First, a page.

Housing accounted for 69.1MtCO2e (15%) of UK GHG emissions in 2018, mostly due to heating (DBEIS, 2020). The progress made from 2010 to 2015 has gone into reverse and the failure adequately to retrofit existing homes affects all tenures: private landlords have no incentive to do it, social landlords are not planning sufficiently far ahead (Lupo, 2019a, 2019b), and too few owner-occupiers can afford it (Somerville, 2020: 638)
Transport accounted for 124.4MtCO2e (28%) of UK GHG emissions in 2018, virtually unchanged since 1990 (DBEIS, 2020). Progress in decarbonising transport in the UK is minimal, with just 0.2% of cars being battery electric, only 1.8% of new car sales in 2017 being ultra-low emission (HMG, 2018a: 13), and (fossil) fuel duty frozen since 2011. Also, with only 36% of its rail tracks being electrified, the UK lags well behind other developed countries, but the government’s latest plan for ‘decarbonising transport’ (DfT, 2020) makes no firm commitment to further electrification. The government continues to give priority to private cars, as evidenced by its proposal (Javid, 2019) to spend £25.3 billion more on new or enlarged major roads from 2020 to 2025 (£27 billion now with the addition of the A303 Stonehenge project) (Somerville, 2020: 639)
Again, Somerville is I think too optimistic about the longevity and effectiveness of the protest movement organisations of the last few years, but so what,, this is good analysis, albeit one that blames ideology a bit more than material interests. Worth your time if you’re looking for one clear view of the last 20 years of climate policy in the UK.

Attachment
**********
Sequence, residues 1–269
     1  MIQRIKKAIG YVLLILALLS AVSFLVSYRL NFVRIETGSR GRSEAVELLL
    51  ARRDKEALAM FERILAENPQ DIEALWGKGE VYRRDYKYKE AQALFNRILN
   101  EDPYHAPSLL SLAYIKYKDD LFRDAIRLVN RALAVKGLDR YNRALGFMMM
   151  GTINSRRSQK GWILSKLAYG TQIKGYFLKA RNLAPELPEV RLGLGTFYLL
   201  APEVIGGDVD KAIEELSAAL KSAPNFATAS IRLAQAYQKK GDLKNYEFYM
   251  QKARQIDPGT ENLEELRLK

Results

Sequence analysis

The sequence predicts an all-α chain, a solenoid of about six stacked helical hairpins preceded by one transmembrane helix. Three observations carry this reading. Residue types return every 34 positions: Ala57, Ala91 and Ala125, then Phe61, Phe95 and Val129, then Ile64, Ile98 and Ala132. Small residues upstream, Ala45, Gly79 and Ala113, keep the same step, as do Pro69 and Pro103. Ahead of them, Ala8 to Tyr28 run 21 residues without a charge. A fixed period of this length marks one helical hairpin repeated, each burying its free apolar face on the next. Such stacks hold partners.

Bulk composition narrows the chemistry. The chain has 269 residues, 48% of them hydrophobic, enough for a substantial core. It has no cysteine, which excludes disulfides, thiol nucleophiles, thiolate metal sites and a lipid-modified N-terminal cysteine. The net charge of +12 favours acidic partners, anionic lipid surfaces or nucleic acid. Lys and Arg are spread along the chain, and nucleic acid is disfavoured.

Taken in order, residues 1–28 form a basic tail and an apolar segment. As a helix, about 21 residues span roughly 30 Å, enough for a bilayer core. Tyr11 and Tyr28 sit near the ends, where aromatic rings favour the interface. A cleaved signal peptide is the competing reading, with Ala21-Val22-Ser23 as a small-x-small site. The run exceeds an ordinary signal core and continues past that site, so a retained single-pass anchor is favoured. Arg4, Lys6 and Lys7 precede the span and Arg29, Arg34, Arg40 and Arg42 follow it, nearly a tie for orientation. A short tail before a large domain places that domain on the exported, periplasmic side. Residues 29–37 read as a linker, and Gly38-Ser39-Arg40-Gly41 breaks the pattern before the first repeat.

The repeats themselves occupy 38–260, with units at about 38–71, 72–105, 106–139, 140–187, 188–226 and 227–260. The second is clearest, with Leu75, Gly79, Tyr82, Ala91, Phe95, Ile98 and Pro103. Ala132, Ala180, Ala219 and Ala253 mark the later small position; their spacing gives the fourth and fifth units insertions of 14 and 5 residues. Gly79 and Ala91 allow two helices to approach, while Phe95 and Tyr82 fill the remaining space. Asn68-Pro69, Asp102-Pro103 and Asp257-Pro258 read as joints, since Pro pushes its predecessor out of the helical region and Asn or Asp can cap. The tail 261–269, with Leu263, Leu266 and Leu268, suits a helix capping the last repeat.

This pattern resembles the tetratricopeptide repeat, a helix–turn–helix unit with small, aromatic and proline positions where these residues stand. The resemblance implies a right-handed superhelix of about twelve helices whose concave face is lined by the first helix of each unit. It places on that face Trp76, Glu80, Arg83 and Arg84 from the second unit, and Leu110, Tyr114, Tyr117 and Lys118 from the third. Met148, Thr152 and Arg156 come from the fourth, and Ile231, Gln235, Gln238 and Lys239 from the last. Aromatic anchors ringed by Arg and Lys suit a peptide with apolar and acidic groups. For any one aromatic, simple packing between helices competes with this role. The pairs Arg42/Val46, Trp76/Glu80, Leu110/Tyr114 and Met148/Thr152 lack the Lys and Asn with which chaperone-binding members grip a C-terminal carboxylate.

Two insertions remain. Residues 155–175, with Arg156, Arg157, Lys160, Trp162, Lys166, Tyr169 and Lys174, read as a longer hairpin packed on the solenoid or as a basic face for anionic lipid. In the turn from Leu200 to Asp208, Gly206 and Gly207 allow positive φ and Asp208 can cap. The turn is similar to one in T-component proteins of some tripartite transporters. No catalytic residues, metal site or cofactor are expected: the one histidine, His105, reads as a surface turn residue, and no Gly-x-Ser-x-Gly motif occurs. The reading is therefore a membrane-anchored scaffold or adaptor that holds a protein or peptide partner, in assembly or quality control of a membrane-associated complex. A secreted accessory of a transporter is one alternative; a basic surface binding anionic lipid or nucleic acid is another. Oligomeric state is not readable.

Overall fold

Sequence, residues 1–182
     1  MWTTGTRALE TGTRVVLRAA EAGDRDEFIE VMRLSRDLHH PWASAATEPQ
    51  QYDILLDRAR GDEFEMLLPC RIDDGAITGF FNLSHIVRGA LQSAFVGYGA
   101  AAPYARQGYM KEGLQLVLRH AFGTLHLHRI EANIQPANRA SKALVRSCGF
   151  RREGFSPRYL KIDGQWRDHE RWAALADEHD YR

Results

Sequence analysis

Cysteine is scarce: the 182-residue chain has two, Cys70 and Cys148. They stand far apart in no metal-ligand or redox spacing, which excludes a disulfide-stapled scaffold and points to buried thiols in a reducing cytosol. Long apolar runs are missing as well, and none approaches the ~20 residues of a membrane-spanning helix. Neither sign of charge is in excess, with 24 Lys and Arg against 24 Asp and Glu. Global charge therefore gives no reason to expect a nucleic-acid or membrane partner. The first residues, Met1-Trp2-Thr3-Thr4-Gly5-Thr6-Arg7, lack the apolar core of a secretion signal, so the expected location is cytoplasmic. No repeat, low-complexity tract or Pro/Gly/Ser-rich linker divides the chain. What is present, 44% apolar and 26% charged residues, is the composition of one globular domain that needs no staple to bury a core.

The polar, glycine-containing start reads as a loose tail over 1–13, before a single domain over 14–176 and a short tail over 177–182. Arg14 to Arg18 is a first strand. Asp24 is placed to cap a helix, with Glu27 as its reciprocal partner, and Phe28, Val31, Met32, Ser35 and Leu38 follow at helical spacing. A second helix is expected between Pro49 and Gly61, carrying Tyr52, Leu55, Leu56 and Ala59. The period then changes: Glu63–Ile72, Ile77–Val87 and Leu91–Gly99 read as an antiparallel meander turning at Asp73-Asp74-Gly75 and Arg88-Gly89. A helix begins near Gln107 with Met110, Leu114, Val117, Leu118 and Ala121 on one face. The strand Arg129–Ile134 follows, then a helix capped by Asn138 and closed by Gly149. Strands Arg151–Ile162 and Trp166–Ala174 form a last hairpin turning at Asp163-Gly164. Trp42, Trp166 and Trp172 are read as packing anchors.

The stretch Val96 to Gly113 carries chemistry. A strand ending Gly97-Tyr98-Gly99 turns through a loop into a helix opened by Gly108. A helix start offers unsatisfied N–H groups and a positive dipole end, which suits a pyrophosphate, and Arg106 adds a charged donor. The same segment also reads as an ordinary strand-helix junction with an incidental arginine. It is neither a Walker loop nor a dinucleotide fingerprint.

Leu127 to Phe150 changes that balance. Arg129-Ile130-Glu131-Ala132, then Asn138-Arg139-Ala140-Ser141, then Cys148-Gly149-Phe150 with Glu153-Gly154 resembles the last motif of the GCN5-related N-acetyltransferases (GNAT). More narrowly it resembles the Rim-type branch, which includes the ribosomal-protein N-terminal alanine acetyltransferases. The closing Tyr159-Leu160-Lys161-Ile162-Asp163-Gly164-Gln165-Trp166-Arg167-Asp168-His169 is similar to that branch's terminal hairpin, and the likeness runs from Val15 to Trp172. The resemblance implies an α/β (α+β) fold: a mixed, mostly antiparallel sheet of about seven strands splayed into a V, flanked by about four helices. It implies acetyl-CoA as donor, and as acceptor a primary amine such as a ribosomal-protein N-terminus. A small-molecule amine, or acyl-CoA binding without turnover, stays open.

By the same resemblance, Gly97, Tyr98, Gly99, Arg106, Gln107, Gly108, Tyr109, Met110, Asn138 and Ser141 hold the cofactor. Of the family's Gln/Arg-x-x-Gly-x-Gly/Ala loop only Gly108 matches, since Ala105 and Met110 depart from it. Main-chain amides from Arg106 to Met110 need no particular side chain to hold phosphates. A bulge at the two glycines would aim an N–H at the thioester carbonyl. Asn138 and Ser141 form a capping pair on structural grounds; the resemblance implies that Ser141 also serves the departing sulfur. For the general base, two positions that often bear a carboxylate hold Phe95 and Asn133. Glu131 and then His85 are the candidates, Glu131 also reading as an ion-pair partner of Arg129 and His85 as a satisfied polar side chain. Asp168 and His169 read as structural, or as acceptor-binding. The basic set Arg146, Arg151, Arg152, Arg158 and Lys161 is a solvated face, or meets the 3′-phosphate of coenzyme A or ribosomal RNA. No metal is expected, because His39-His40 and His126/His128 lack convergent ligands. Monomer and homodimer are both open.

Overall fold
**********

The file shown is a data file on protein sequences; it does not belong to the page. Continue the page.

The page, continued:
Bache I, Bartle I, Flinders M and Marsden G (2015) Blame games and climate change: Accountability, multi-level governance and carbon management. British Journal of Politics and International Relations 17: 64–88.
Brown B and Spiegel S (2017) Resisting coal: Hydrocarbon politics and assemblages of protest in the UK and Indonesia. Geoforum 85: 101–111.
Hardt L et al. (2018) Untangling the drivers of energy reduction in the UK productive sectors: Efficiency or offshoring? Applied Energy 223: 124–133.
Helm D (2010) Government failure, rent-seeking, and capture: The design of climate change policy. Oxford Review of Economic Policy 26(2): 182–196.
Kern F, Kuzemko C and Mitchell C (2014) Measuring and explaining policy paradigm change: The case of UK energy policy. Policy & Politics 42(4): 513–530.